Give the Economy (But Not Dad's Hair) a Boost This Father's Day
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It’s time for last-minute Father’s Day shopping! In a positive sign for the economy, the National Retail Federation reports that the average person will spend $117.14 on a gift this year – up 10% from 2011. However, that number is still considerably less than people spent on their mothers. Consumers reported spending an average of $152 on Mother’s Day.
Although he probably doesn’t mind taking the back seat, your dad deserves an annual pat on the back. It may be worth going the extra mile to show your appreciation. Go and spend a little extra $ on your dad and help the economy while doing so.
"He may not ever expect the 'royal treatment' on Father's Day, but this year dad doesn't have much of a say as it's evident his loved ones want to make sure he has a great day," said NRF President and CEO Matthew Shay. "For those looking for the perfect gift idea, retailers will have specials on everything from patio sets and grills to ties and gardening tools in the weeks leading up to the holiday."
Nobody knows your dad better than you do, so we’ll avoid the obligatory top 10 gift list. Instead, Time Magazine has come up with a list of things to avoid. Here are a few of our favorites:
ANYTHING THAT’LL REQUIRE HIM TO DO WORK. Unless he’s specifically requested a beer-making kit, it’s probably wise to steer clear. Ditto a donut maker. He may love drinking beer and eating donuts with Homer-like delight. That doesn’t mean he’ll enjoy making either of them—which might seem like just more chores to tend to.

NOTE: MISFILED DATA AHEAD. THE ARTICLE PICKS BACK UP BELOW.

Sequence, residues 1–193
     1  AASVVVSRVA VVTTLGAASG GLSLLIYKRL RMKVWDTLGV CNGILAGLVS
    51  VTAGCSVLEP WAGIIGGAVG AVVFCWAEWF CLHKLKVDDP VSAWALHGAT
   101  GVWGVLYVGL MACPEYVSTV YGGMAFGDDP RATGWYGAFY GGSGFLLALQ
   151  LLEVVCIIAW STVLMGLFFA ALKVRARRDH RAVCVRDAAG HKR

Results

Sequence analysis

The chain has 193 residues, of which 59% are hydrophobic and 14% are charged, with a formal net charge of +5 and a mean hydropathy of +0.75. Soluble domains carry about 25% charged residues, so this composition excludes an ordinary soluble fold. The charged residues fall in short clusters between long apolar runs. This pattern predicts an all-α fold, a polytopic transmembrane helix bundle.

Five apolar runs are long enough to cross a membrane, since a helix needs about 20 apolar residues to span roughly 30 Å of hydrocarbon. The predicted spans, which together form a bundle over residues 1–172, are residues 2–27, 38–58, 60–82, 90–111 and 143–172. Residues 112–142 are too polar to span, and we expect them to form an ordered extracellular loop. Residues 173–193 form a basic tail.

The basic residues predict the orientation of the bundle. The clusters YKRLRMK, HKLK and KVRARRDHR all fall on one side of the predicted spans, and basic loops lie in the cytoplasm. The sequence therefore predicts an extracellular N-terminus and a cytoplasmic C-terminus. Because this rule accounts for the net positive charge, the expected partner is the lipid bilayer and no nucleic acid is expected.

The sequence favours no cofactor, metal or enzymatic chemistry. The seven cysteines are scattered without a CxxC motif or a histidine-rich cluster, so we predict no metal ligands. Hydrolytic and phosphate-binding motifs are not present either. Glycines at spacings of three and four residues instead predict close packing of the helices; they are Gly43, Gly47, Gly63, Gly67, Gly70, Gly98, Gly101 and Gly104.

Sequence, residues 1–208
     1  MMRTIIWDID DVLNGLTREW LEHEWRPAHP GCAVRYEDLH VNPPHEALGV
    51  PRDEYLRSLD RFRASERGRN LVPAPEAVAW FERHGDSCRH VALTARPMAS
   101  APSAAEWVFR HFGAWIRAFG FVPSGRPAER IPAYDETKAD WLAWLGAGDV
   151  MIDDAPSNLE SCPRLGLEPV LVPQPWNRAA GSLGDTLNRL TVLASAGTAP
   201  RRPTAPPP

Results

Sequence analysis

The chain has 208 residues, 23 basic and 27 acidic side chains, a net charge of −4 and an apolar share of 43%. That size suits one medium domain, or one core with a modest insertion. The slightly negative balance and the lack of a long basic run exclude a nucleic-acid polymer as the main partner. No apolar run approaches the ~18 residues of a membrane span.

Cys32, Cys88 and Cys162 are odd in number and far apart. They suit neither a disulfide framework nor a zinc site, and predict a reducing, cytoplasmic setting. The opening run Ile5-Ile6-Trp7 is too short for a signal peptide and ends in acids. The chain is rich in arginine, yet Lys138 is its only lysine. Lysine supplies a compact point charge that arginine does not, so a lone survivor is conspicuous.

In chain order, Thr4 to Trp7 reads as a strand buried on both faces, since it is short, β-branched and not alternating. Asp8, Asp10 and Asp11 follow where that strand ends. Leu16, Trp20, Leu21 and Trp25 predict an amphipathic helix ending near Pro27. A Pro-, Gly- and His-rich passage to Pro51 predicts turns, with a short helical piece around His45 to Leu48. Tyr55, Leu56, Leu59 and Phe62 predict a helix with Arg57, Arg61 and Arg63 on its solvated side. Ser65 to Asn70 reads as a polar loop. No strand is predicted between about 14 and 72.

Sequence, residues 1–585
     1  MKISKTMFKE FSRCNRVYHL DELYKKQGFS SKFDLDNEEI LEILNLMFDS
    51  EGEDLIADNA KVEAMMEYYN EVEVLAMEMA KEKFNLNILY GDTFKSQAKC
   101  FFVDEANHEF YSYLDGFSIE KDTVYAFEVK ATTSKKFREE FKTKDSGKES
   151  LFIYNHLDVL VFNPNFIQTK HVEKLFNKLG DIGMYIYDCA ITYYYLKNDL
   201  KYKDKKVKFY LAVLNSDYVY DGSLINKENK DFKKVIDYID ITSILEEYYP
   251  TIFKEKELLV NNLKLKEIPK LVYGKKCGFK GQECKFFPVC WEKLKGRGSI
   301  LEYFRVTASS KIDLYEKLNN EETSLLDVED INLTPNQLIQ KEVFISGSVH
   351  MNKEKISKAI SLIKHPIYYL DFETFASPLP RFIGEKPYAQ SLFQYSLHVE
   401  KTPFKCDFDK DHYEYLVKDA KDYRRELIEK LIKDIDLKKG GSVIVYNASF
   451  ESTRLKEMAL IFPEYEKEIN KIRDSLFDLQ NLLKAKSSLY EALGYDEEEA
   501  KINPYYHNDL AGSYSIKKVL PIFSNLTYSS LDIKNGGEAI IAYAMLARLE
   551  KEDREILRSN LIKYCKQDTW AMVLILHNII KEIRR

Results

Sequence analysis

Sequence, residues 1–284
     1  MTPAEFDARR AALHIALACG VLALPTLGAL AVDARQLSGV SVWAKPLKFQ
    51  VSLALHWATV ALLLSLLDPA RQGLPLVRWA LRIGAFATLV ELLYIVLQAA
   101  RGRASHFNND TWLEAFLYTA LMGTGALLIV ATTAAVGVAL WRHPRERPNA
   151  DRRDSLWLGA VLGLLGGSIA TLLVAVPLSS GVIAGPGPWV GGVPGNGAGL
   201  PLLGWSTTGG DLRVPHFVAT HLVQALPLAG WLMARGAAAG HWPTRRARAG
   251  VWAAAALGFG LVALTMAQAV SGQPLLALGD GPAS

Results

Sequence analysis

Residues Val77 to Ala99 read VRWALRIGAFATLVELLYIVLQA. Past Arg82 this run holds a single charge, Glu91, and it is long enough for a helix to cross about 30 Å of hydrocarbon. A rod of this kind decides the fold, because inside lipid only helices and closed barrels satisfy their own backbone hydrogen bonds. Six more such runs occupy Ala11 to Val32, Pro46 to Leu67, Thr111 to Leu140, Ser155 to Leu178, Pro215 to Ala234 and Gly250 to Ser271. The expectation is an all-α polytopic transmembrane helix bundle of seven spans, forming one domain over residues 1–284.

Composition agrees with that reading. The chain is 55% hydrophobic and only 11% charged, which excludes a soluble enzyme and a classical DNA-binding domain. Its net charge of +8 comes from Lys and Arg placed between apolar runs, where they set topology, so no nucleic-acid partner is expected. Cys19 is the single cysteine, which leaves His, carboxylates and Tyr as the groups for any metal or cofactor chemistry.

ANY GADGET THAT’LL TAKE 15 MINUTES TO EXPLAIN ITS PURPOSE. Fewer than 1 in 10 dads put electronics on the top of their preferred Father’s Day gifts list. It’s safe to say that an even smaller number is interested in a gadget that they’ve never heard of, and that serves a mysterious purpose that’s not readily apparent. And if you think it’s difficult to explain to your father what it does, just think about how long it’ll take to convince him he needs it.
ANYTHING YOU MIGHT SEE IN SKYMALL. Not only overpriced, but of dubious utility too! That could be the motto of the shopping brochure found on airlines. Hammacher Schlemmer too—unless you really think dad wants a $700 Hands-Free Hair Rejuvenator on Sunday.
STUFF THAT SAYS HE’S REALLY OLD. The Reacher Grabber, for instance, or a mobility scooter. Even if he really needs something like this, don’t give it to him on Father’s Day. This is not the day to remind him he’s a frail old man. A cane is another example, though an exception can be made for a stylin’ fashion cane. But only if he doesn’t actually need the thing to help him walk.
ANYTHING THAT’LL HUMILIATE HIM. See: hair rejuvenator, Reacher Grabber, cane, mobility scooter. Also: Spanx for men. Neiman Marcus also suggests an anti-wrinkle cream for men as a Father’s Day gift, but that just seems cruel.